If you are like me, you have a lot of fun with web cameras — and your domestic partner is happy because your hobby makes your house more secure when you are away. Trouble is, when your ISP won’t permit unsecured port 25 traffic, some Web cameras won’t work, as this blog entry shows.
I had the same experience. I had a great WebCam setup at home, running on an old HP laptop (the pen-and-tablet kind that was on TV a lot until the iPad showed up). I had it set up to trigger with a motion sensor, and to mail images to my cell phone when nobody was home. I never did catch a burglar, but I did manage to watch my own surprise birthday party being set up.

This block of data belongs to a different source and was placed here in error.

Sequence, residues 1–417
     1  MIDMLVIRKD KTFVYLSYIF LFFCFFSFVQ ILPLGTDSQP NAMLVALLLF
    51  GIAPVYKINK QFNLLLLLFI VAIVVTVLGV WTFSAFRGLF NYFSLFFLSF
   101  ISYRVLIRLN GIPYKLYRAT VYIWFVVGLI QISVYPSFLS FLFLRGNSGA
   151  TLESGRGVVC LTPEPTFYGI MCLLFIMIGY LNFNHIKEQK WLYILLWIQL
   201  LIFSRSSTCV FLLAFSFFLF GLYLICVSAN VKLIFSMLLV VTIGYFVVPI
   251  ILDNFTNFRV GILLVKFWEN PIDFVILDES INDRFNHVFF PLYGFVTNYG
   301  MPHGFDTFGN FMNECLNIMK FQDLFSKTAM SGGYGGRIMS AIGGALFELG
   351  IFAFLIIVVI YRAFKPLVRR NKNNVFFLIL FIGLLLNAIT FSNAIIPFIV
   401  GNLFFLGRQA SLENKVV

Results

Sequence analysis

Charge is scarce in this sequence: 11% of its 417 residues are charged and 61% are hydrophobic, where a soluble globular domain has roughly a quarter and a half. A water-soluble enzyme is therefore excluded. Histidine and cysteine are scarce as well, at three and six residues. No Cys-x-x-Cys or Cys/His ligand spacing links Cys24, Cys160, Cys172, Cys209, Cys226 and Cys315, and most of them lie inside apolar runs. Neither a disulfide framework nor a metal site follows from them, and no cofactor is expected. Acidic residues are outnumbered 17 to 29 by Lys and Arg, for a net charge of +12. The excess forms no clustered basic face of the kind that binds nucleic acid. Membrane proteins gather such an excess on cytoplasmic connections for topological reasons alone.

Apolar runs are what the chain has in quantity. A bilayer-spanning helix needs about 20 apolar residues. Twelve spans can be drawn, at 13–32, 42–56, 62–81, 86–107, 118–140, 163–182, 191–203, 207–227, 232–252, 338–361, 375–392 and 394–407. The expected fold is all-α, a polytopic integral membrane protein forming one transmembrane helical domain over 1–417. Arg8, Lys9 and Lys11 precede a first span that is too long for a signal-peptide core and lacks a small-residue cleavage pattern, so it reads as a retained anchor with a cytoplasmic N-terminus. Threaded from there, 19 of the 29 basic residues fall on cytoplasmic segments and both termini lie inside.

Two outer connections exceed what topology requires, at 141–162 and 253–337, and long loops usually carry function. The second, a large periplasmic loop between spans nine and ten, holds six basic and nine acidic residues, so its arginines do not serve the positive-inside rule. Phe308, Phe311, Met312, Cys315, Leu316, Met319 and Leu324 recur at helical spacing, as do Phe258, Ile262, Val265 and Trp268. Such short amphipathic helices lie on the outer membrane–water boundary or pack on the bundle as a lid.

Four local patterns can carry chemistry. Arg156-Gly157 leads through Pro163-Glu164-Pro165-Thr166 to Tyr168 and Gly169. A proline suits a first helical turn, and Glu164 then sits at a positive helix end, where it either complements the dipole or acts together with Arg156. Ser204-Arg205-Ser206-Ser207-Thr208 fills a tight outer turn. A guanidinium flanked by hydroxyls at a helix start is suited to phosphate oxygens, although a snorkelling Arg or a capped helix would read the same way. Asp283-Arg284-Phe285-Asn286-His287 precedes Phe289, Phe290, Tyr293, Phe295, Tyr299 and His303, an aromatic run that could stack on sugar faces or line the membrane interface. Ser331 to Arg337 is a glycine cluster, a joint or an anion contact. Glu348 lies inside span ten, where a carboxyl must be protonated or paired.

Trouble is, one day Telus (my ISP at the time) decided it needed more authentication than the WebCam software could provide. I couldn’t send out via Port 25 any more.
The solution was pretty easy. I used LoaPost (at one time called Loa PowerTools).
It worked great.
Typically, a web camera is connected to a computer and will have its own software for sending email. If you run LoaPost on that computer, you can set the outgoing email port to be whatever the camera demands … and everything works just fine from that point on in.